HPS at Bodysgallen Hall, Wales, 2014 Regional and topical Special Interest Groups Treborth Botanic Garden, Wales, 2014 Seed Exchange Seed Exchange Volunteers at the Henry Foundation Redbud courtesy of Carol Verhake Shoppers at the 2014 Fall Gardeners' Market Rose by Sue Silverstein Visit exceptional gardens in the Mid-Atlantic Region Learn to grow and propagate new plants

Lecture: Bill Cullina, "What Do You Mean I'm Not A Perennial?!"

Most folks are familiar with the concept of the mixed border - perennials, annuals, shrubs and evergreens blended together in a seamless composition with year-round. It sounds good in theory, but transplanting this concept into a real garden is more difficult than it seems. Not all woody plants mix well with perennials and annuals for several reasons, including differing soil and fertilization needs, incompatible growth habits, aggressive root systems, or fear of crowds. This said, there are a number of native shrubs and small trees that mix wonderfully with herbaceous perennials and annuals. Many can even be cut back every year or two just like their non-woody neighbors to control their size and promote flowering and vigorous growth. In this talk, Bill Cullina will profile his favorite fifty "natural mixers," focusing native woody plants that bring, form, texture, color and wildlife to the perennial garden.

Educated at the University of Connecticut and Hobart and William Smith College in NY, Bill Cullina began his career as a retail greenhouse manager, moving on to become research aide performing experiments and collecting data on sylvicultural practices and forest ecology.  These positions led him to become the Greenhouse Manager for the Department of Ecology and evolutionary Biology at the University of Connecticut and then Nursery Manager of Niche Gardens in Chapel Hill, NC.  He is noted for his 13 years as the Nursery Director and Head Propagator at the New England Wildflower Society where he developed the largest native plant nursery in New England, producing 75,000 woody and herbaceous plants annually for garden and restoration use. From 2009-2011, Bill was Director of Horticulture at Coastal Maine Botanical Gardens, becoming the Executive Director in 2011.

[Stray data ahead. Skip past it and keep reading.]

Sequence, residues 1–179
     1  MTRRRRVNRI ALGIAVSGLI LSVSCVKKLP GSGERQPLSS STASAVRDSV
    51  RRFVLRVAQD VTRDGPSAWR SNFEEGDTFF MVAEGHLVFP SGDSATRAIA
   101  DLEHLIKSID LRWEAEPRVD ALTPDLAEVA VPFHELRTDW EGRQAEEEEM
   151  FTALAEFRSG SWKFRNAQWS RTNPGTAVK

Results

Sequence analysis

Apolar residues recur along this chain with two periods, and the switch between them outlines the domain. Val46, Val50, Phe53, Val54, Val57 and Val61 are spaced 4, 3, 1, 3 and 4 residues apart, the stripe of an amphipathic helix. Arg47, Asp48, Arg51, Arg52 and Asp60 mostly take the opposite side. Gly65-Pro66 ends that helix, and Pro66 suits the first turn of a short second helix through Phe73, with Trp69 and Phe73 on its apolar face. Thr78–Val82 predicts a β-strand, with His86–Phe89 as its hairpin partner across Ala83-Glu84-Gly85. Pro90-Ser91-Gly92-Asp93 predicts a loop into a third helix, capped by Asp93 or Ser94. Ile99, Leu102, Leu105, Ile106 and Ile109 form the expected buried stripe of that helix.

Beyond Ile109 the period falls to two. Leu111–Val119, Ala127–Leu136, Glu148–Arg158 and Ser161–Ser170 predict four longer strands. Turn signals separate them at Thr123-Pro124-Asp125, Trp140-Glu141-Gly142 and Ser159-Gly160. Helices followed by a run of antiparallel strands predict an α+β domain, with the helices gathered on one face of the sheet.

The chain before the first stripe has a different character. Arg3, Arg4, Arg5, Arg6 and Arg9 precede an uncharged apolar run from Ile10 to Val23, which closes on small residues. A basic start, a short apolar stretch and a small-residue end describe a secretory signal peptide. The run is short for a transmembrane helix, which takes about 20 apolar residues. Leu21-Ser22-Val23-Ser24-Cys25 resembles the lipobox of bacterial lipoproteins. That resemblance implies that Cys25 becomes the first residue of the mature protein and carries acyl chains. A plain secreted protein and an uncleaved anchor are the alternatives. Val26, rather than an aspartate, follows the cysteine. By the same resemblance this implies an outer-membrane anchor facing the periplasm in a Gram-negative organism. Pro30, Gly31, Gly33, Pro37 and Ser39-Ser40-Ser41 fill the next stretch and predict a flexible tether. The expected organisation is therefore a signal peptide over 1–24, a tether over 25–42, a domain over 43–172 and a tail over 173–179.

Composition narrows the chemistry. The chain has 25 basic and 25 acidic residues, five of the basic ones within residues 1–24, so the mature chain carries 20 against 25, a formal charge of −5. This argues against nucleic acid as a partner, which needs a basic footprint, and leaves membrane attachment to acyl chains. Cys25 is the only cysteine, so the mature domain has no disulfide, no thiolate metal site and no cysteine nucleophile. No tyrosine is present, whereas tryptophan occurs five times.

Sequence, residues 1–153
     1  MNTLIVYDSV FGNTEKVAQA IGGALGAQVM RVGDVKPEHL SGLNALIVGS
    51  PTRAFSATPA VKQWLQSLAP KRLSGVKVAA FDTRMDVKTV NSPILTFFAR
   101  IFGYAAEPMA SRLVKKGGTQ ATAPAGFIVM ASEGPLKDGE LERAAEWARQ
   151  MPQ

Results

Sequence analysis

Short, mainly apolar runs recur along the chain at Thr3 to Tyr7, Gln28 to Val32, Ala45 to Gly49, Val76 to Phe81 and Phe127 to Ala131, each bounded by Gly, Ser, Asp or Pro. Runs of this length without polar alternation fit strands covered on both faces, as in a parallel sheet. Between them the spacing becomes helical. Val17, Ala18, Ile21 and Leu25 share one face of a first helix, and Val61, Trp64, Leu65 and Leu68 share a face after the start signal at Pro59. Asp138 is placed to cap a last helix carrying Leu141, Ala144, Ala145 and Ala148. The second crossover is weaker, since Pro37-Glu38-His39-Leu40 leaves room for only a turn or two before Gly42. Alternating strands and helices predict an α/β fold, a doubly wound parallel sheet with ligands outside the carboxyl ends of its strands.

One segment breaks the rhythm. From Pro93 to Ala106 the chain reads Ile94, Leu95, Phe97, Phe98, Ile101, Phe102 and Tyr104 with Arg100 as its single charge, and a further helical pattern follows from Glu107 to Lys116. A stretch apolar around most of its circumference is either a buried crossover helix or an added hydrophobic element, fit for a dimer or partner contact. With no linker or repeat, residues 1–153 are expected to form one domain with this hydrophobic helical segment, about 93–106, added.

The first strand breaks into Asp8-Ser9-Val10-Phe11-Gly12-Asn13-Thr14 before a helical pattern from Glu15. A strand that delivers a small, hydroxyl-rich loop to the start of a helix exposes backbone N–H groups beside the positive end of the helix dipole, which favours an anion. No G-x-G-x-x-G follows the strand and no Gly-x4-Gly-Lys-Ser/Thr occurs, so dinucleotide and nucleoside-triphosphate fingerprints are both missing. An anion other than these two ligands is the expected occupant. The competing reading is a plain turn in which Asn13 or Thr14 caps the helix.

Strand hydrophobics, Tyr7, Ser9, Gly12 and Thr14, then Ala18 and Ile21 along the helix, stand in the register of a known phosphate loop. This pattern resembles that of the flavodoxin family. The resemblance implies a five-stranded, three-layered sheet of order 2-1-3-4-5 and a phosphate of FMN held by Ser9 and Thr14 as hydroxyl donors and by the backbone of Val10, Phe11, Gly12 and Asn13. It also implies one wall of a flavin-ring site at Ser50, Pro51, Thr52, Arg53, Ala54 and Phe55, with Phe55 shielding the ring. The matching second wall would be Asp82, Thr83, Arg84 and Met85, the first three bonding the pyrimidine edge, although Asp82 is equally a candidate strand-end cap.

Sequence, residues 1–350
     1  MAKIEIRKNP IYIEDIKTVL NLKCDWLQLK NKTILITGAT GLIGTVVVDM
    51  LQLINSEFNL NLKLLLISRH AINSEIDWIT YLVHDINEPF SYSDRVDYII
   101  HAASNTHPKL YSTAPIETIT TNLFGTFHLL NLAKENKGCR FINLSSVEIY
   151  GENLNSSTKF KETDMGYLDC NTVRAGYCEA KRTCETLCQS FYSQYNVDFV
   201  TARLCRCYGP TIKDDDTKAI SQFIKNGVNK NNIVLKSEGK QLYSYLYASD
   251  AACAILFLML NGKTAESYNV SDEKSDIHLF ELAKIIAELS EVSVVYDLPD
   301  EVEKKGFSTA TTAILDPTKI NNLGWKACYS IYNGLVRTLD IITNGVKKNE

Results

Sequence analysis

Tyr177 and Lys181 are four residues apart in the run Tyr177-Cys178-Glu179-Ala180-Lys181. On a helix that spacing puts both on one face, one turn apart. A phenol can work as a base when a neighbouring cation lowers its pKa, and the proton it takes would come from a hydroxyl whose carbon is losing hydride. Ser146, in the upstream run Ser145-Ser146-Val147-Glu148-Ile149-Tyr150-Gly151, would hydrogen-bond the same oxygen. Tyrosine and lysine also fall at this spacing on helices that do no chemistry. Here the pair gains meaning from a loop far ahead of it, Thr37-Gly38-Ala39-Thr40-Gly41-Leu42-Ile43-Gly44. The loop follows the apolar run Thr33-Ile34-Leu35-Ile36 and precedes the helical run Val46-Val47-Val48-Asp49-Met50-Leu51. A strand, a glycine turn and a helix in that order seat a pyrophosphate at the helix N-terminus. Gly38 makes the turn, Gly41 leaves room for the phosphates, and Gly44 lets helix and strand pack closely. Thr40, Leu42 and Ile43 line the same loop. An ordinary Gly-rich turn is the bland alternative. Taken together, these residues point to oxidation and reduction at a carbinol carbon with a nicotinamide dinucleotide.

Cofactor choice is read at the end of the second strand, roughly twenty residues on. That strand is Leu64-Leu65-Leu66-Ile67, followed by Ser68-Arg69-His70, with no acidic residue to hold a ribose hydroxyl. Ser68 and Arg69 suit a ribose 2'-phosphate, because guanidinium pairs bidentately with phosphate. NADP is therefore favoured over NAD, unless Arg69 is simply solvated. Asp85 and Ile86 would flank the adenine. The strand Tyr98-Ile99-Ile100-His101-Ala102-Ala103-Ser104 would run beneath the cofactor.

Bill is a popular lecturer and teacher for the garden, conservation and professional horticultural groups in the US and Canada.  He writes regularly on native plants and orchids for Horticulture, Fine Gardening and Garden Design magazines.  He has written five acclaimed horticultural references: Wildflowers (2000), Native Trees, Shrubs and Vines: A Guide to Using, Growing and Propagating North American Woody Plants (2002), Understanding Orchids (2004), Native Ferns, Moss and Grasses: From Emerald Carpet to Amber Wave, Serene and Sensuous plants for the Garden (2008), and Understanding Perennials (2009), all published by Houghton Mifflin.  Bill specializes in the photography of North American native plants and contributed photographs to Native Plants for Your Native Garden (2010) by Maureen Heffernan.  Most recently Bill co-authored Coastal Maine Botanical Gardens: A People’s Garden in 2011.

Bill’s recent awards include: the Scott Medal for lifetime achievement in horticulture; the prized 2012 Perennial Plant Association’s highest honor, the Award of Merit; and the 2013 George Robert White Medal for “advancing horticulture in the broadest sense”.  In May of 2013, Bill received the prestigious Award of Excellence for advancing the goals of the National Garden Clubs of America. 

Cosponsored with the Associates of the Scott Arboretum. Reception follows; free and open to the public. No RSVP required.

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The Hardy Plant Society/Mid-Atlantic Group (HPS/MAG)

We are a not-for-profit volunteer organization for gardeners in the Mid-Atlantic region. We encourage gardeners - from beginners to professionals - to learn more about horticulture and to share their skills, knowledge, and plants with each other.  Members gather throughout the year to visit gardens and nurseries in the Delaware Valley. We sponsor plant sales, trips, seminars, and lectures about plants, ecology, design, propagation, and conservation.